Usually, when one is diagnosed with HIV/Aids, we easily give up our hope for life. We abandon every effort to live. Here I want to emphasise that there is still hope for life.
Timothy Brown, a 46-year-old from the western United States, was once known in medical journals as “the Berlin Patient.”
He is the man who had HIV but doesn’t anymore. Brown revealed his identity in 2010 - three years after an innovative treatment battled both the HIV and an acute form of cancer in his body. He now promotes Aids research.
“I do have some mobility problems, but apart from that, I feel great. Yes, it’s great being cured,” he said last month in Washington at a policy briefing organised by The Foundation for AIDS Research, or amfAR.
Doctors say he is the first person to be considered cured of HIV. “I am functionally cured, which means that I don’t have any effects from the virus, and I don’t have to take medication against the virus,” Brown said. “And as long as it stays that way, which I’m pretty sure it will, I’m okay with that.” Brown was living in Berlin when he tested positive for HIV in 1995. He took medications to manage the virus. More than a decade passed, and he started to feel excessively fatigued. A bone marrow biopsy in 2006 revealed leukemia.
After chemotherapy treatment, Brown’s oncologist, Gero Huetter, suggested a bone marrow transplant. Dr. Huetter knew that 1 out of 100 people, mostly northern Europeans, are highly resistant to HIV due to a genetic mutation. Simply put, they lack doorways that allow HIV to enter their cells. In 2007, Brown went through total body irradiation and then received a bone marrow transplant from an HIV-resistant donor. He immediately stopped taking HIV medication. Although the leukemia returned, the HIV did not. Brown was declared HIV NEGATIVE.
Researchers in the US are cautious in declaring the two other men cured more than two years after receiving bone marrow transplants.
These two new cases are reminiscent of the so-called “Berlin patient,” the only person known to have been cured of infection from the human immunodeficiency virus.
“Everyone knows about this ‘Berlin patient’. We wanted to see if a simpler treatment would do the same thing”, said Dr. Daniel Kuritzkes of Brigham and Women’s Hospital in Boston, who oversaw the study.
Aids patients are susceptible to cancers, but they usually stop taking HIV drugs before receiving cancer treatment. “That allows the virus to come back and it infects their donor cells,” Kuritzkes said.
Brown, and now these two other men, offer same real hope.
Dr. Timothy Henrich and colleagues at Brigham and Women’s Hospital launched a search about a year ago for HIV patients with leukemia or lymphoma who had received bone marrow stem cell transplants. Bone marrow is the body’s source of immune system cells that HIV infects and it’s a likely place to look for HIV’s reservoirs.
“If you took an HIV patient getting treated for various cancers, you can check the effect on the viral reservoirs of various cancer treatments,” Kuritzkes, who works with Henrich, said. They found the two patients by asking colleagues at Dana-Farber Cancer Institute in Boston which, like Brigham and Women’s, is associated with Harvard Medical School.
Both men had endured multiple rounds of treatment for lymphoma, both had stem cell treatments and both had stayed on their HIV drugs throughout. “They went through the transplants on therapy,” Kuritzkes said. It turns out that was key.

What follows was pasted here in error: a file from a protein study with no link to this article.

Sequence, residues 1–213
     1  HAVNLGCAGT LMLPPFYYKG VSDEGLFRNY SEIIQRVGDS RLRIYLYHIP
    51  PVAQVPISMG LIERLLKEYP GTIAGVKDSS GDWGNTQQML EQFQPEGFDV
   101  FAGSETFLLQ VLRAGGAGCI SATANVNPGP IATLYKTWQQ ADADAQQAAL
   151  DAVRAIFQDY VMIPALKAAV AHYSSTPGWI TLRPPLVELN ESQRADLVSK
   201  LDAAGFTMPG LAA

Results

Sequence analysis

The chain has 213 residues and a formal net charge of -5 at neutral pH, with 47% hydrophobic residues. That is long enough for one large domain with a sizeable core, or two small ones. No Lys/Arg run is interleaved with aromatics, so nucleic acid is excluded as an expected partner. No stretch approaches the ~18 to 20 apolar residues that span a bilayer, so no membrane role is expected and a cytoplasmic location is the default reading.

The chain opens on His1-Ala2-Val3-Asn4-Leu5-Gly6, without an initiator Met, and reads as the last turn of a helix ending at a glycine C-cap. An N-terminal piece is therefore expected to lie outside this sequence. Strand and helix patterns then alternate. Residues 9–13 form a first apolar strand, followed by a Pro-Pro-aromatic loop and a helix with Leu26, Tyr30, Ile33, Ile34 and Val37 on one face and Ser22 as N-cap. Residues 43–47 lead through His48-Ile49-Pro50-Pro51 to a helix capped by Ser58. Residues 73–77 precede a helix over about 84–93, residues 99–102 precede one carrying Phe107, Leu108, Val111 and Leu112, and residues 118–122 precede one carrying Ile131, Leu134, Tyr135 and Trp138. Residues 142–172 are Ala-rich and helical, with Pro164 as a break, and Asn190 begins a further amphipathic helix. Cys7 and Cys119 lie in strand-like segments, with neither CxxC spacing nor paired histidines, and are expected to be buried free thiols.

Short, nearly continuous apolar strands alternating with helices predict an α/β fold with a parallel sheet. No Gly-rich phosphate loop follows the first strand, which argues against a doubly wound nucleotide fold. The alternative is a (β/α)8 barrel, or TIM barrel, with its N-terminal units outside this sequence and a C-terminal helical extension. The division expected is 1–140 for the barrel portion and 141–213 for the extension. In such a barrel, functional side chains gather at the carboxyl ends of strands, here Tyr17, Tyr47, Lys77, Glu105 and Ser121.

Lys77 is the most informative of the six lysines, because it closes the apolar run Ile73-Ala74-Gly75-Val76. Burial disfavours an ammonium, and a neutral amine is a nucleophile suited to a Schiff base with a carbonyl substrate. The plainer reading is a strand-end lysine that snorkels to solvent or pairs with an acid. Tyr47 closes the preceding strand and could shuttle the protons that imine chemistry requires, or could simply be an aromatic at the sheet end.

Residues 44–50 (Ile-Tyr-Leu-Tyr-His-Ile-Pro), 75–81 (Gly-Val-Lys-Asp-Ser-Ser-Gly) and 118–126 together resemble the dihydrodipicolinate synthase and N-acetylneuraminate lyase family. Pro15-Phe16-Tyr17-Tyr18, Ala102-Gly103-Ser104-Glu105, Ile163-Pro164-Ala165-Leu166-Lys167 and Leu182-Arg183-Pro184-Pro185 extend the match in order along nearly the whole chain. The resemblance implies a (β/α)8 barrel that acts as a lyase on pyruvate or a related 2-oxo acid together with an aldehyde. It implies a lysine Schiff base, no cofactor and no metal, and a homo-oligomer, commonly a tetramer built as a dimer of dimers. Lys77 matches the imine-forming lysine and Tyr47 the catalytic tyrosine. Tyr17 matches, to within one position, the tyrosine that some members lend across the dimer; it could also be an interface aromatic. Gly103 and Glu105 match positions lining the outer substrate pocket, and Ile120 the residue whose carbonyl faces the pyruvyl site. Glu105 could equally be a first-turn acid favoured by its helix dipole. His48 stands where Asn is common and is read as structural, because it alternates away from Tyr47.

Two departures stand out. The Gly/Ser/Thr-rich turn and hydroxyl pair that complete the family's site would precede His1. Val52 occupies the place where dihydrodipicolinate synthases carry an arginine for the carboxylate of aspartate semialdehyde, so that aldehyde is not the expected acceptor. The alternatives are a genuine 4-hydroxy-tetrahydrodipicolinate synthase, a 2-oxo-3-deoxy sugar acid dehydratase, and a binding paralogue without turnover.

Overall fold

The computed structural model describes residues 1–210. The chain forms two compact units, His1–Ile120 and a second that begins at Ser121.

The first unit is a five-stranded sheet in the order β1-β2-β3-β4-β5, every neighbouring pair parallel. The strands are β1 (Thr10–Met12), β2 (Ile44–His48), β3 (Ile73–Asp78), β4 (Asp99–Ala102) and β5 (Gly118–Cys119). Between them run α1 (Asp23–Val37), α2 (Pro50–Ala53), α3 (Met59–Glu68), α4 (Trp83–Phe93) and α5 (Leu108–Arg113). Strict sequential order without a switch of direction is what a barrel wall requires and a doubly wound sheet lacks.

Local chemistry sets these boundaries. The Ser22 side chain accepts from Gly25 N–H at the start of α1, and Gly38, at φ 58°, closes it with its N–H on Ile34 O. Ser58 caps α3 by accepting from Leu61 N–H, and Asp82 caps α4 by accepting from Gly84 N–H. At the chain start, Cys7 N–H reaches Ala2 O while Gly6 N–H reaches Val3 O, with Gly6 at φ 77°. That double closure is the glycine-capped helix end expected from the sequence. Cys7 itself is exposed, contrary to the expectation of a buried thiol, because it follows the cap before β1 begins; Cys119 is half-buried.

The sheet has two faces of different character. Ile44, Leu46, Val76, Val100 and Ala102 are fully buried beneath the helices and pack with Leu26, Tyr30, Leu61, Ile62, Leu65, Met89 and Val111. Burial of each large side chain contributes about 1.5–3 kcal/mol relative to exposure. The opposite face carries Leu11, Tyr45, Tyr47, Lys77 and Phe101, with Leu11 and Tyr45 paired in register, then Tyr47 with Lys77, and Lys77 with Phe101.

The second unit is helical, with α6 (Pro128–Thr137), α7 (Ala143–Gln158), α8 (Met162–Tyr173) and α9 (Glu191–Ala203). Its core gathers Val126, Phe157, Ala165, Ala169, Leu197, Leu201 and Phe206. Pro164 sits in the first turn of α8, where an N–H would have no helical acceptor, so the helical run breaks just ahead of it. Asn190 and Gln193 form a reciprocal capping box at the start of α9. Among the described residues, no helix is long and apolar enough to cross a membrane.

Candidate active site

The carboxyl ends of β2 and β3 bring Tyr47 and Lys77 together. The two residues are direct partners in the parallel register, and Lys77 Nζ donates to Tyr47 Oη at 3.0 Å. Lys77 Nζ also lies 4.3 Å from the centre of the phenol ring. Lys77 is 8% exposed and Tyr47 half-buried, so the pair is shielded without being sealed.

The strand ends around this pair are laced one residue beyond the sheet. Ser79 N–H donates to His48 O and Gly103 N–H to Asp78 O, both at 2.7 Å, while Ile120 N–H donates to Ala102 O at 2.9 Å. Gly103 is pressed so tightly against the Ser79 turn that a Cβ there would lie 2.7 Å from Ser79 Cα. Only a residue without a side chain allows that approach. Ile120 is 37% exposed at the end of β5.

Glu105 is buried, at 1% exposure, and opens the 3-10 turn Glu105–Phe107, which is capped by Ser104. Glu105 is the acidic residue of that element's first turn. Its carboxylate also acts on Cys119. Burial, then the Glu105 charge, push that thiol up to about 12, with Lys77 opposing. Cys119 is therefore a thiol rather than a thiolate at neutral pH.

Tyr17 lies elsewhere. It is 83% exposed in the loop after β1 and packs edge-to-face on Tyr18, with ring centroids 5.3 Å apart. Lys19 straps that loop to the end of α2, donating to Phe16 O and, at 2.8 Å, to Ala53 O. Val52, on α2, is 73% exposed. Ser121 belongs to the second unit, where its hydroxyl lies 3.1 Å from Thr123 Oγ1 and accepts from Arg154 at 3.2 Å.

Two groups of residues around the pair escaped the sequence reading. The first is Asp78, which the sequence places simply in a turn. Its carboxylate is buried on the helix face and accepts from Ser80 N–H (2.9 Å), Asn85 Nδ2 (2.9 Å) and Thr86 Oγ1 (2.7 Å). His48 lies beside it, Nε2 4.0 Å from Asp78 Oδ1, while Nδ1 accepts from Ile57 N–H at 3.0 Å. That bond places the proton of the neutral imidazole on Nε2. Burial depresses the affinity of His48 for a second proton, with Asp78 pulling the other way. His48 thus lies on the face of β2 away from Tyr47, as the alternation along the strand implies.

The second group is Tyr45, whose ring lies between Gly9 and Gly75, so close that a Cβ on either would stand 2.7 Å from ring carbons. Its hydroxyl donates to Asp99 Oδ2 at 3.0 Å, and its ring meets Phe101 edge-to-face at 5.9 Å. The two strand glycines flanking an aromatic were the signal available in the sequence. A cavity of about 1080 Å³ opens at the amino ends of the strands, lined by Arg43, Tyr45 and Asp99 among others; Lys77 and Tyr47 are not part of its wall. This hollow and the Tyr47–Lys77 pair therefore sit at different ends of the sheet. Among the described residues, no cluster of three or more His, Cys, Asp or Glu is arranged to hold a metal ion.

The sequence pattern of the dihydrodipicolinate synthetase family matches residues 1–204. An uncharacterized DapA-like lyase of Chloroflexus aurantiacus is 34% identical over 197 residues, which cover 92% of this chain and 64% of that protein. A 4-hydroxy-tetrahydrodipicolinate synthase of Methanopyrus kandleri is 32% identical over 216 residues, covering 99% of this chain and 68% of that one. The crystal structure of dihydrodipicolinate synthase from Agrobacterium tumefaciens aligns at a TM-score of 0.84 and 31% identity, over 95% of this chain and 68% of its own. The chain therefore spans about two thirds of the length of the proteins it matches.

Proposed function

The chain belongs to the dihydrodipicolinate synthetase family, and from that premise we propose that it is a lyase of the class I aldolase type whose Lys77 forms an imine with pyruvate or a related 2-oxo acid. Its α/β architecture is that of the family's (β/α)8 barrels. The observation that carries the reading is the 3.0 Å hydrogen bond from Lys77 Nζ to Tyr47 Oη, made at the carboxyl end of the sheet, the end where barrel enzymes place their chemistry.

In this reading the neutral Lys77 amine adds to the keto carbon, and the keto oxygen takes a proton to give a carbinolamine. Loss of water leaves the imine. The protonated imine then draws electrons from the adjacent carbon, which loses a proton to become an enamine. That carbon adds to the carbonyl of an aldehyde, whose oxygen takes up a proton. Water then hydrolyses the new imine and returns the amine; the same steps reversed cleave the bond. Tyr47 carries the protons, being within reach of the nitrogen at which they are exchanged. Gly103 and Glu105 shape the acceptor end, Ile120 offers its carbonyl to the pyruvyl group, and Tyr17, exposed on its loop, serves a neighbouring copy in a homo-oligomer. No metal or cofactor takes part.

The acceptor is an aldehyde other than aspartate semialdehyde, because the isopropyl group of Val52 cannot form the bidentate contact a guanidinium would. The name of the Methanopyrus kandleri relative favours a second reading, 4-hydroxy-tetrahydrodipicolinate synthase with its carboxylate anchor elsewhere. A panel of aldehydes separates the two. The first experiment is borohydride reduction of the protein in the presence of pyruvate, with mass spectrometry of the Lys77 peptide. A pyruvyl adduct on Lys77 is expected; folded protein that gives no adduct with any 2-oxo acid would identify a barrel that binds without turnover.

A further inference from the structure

“We found that immediately before the transplant and after the transplant, HIV DNA was in the cells. As the patients’ cells were replaced by the donor cells, the HIV DNA disappeared,” Kuritzkes said. The donor cells, it appears, killed off and replaced the infected cells. And the HIV drugs protected the donor cells while they did it.
One patient is HIV-free two years later, and the other is seemingly uninfected three-and-a-half years later.
“They still have no detectable HIV DNA in their T-cells,” Kuritzkes said. In fact, doctors can’t find any trace of HIV in their bodies - not in their blood plasma, not when they grow cells in the lab dishes, not by the most sensitive tests.
Can the patients be told they are cured?
“We’re being very careful not to do that,” Kuritzkes said.
For now, both men are staying on AIDS drugs until they can be carefully taken off under experimental conditions. “We are not saying, ‘You are like the Berlin patient’.”
Although the men are HIV-free, Kuritzkes says it’s been an arduous experience for them. After being diagnosed HIV-positive, one underwent rounds of chemotherapy for Hodgkin’s disease, a kind of lymphoma, before receiving the final bone marrow transplant, called an allergenic bone marrow transplant. It is not an easy treatment to endure.
The men, one from Boston and one from New York, were not initially told their HIV had seemingly disappeared. When researchers realised news media would cover the report, they were informed.
“We’re never really going to be able to do bone marrow transplants in the millions of patients who are infected,” Kuritzkes said. “But if you can stimulate the virus and eliminate those cells, we can protect the remaining cells from being infected.”
Separately, two other studies presented at the conference have scientists optimistic about a cure. In one, a cancer drug called vorinostat flushed out latent HIV from a handful of patients, offering the possibility of killing these latent reservoirs. In another, about 15 French patients who got HIV drugs very early after their infections were able to stop treatment and don’t show any symptoms years later, even though they are still infected.
Organizers of the conference say the findings provide an argument for treating patients early. “(These studies) give us reason for enthusiasm, that ultimately we are going to get to where we needed to go, which is to cure people with HIV infection,” said Dr. Steven Deeks, an HIV expert at the University of California, San Francisco.